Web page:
In case you are wondering, following on from yesterday’s post, the Central Election Committee of Ukraine voted 10/14 in favour of abiding by the current Ukrainian laws and therefore have refused to register Yulia Tymoshenko and Yuri Lutsenko as candidates for the forthcoming October elections.  As far as I know, they have not reached a decision on Lazaenko yet, but I suspect he will be rightly disqualified from running.

h1

Customs Union expansion with Vietnam – Will it make it more attractive to Ukraine than the EU?

July 31, 2012

I have written very often about the DCFTA (and attached AA) agreements that are now agreed between the EU and Ukraine, even if not signed and ratified for the foreseeable future.  Far less frequently have I written about the Russian led Customs Union.

This is because, thus far, despite the offer of a $9 billion reduction in Russian gas prices, the Ukrainian leadership has refused to become a full member.  Instead it prefers a 3 (Russia, Belarus and Kazakhstan) plus 1 (Ukraine) engagement – which naturally has a much cooler response from Moscow.

Times change however.

The DCFTA is being held hostage to the politically driven AA by the EU because of issues such as perceived selective prosecutions of certain opposition politicians.  No movement from either side seems likely to occur and whether or not the October 2012 elections are technically free and fair or not, it already seems that the EU will not recognise them as free and fair whilst there are some opposition politicians in jail, and to be quite frank, jail is where they will be when the elections take place in all probability.

If the EU is relying upon Ukrainian public opinion to force the government to release these opposition leaders at the risk of losing the DCFTA and AA with the EU, then they could well be deluding themselves.  According to an IRI poll released a few days ago, only 37% of Ukrainians favour a trade agreement with the EU (down from 42% in November 2011), whilst 41% favour joining the Russian led Customs Union (up from 40% in November 2011).

Thus it appears from this poll, Ukrainian public opinion already marginally backs the Customs Union over the EU.

Further to this, since the surveys for that poll, Russia has joined the WTO providing a far more level playing field for Ukraine in the event of dispute as both nations are now subject to WTO rules and rulings.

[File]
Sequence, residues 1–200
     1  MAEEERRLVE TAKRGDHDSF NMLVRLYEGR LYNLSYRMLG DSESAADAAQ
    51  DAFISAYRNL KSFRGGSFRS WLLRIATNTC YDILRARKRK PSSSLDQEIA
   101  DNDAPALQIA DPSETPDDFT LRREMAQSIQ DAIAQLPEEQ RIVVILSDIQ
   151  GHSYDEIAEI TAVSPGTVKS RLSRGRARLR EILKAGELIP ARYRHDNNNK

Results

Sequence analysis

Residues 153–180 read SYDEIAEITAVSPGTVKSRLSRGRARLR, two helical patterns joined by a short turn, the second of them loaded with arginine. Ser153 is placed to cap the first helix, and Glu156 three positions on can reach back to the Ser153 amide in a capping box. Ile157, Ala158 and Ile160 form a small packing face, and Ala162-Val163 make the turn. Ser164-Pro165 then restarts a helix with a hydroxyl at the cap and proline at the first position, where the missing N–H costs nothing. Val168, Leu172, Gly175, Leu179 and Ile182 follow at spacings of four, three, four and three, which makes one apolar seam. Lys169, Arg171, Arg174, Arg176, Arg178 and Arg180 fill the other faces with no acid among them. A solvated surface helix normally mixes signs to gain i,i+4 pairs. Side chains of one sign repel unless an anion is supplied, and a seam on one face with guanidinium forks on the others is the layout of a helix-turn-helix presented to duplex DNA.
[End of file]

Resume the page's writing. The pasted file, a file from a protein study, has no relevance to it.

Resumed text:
Yesterday, somewhat unforeseen, Vietnam, another WTO member, revealed the fact that they are officially considering joining the Customs Union as well.  There is very little ambiguity in the words of Vietnamese President Truong Tan Sang.

What would be most appealing to Russia and Ukraine is a Customs Union space in the Asia Pacific, given the US and EU’s attempts to look towards that region.

As a geopolitical aside, but not to be ignored or necessarily treated lightly, Russian Navy CINC Chirkov claimed the same day as the Vietnamese President’s Customs Union announcement, that Russia considering new “material-technical support points” in Cuba, Seychelles, and Vietnam.”

Anyway, returning to the Customs Union and trade, there is surely going to be additional attraction for Ukraine should Vietnam join.  Very much like the EU, the more members there are, the less power any individual member has – theoretically – and enough smaller members can hold in check the bigger ones – especially if they are all WTO members held by WTO rules.

Now Ukraine is important to the EU.  There is no denying that.  Without Ukraine the entire EaP project is a joke.  Huge issues relating to border security, immigration, organised crime etc would present themselves for the EU if Ukraine simply stopped cooperating with the EU.  But Ukraine is certainly guilty of thinking it is more important to the EU than it really is.  After all if the EaP project fails, so what?  It will not be the first or last EU project to fail.

That said, the EU is also guilty of taking Ukraine’s trajectory westwards for granted, not matter how slow and unsteady that trajectory may be.

If the Customs Union begins to attract Vietnam and a few others from the Asia Pacific it will begin to look much more attractive than the EU, as it comes without the political strings required by the EU’s AA to allow for the signing and ratifying of the DCFTA.

The progress of Vietnam into the Customs Union will be very interesting to watch – as will be the casual effects both in the Asia Pacific and Ukraine.

%d bloggers like this: